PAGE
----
Nashville comes unplugged at The Haven
It’s been over a decade since Steven Nix led the Hornet band at halftime in Loyd Star. Now he’s back in Lincoln County with his big brother for a different kind of musical show.
Nix, 27, is one of three headline acts performing in Nashville Unplugged at The Haven Friday and Saturday night. He’ll be joined both nights by brother Jason Nix and one of his mentors, Galen Griffin.
Opening for the Nashville performers Friday are Tony Norton, Eric Woods and Sophie Smith. On Saturday, they’ll have Tyler Bridge, Gabriel Bass and Michael McCall starting the show.
Each night is $15 at the door or $12 and $1.60 fee online at www.highway55events.ticketleap.com. The show runs 7 to 10 p.m. each night.
The Nix brothers and Griffin will each play songs they’ve written that will be recognized from radio, but they’ll mix it up with songs that have meaning for them whether they wrote them or not.
They’ll take requests, too, which will make each night a bit different.
“I want this to be like a downhome, sitting-around-a-bonfire kind of thing,” he said. “Holler it out, man, I’ll play it. If I know it, we’ll go after it. I want it to be a fun, interactive thing.”
This is the first time Nix will be back in Lincoln County to perform since high school.
His family was originally from Tennessee and decided to move back there after his junior year at Loyd Star. His brother had made the move when he graduated a few years earlier.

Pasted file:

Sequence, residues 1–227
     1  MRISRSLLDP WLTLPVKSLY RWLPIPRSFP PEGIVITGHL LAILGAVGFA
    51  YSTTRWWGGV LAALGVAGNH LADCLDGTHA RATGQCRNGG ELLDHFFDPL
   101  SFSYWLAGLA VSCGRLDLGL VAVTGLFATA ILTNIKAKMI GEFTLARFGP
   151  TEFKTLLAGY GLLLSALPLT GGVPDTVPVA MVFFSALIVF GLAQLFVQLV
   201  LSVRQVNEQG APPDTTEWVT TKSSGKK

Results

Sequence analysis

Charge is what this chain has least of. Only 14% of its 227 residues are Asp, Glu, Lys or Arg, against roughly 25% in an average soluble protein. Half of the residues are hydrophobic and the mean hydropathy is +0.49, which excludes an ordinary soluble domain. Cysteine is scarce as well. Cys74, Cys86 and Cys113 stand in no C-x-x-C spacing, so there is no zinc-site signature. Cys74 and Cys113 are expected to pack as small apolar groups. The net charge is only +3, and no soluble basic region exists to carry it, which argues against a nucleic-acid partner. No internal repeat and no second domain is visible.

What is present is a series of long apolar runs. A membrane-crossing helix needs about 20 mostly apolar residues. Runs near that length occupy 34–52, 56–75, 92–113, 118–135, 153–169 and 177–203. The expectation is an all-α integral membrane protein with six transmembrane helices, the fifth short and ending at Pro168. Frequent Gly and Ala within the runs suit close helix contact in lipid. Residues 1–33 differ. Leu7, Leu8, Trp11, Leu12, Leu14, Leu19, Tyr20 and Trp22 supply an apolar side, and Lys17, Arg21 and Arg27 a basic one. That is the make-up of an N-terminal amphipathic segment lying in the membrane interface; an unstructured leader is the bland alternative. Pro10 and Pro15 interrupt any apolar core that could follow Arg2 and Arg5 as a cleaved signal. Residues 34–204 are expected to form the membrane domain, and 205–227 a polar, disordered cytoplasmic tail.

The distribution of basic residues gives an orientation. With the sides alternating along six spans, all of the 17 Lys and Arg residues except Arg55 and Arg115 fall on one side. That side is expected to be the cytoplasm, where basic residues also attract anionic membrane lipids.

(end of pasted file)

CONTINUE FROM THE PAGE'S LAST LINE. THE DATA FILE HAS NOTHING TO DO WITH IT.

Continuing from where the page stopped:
Nashville was on Nix’s radar even when he was directing brass, woodwind and percussion from one end zone to the other.
“I was going to be here eventually, I just didn’t know when,” he said.
The Nixes have family still spread out all over Lincoln County and Southwest Mississippi who’ll be at the show.
The brothers are glad to be back on familiar ground.
“We swore up and down that we would not come back and play unless we hadn’t something to show for it,” he said. “We’re just prideful enough that we didn’t want to show up just to show up. We’ve worked really hard and we’ve finally got a few things to show.”
The idea for the show is to provide a platform for the local music scene.
“Growing up I wished there had been events like this,” he said. “The atmosphere is there. We — and I say we because I feel like I’m still part of the town. It made me who I am — I want to push for that scene to be more toward the front of people’s minds. Music is a very important thing. It definitely helped me and it helps a lot of people through a lot of things. Live music is something that needs to be supported.”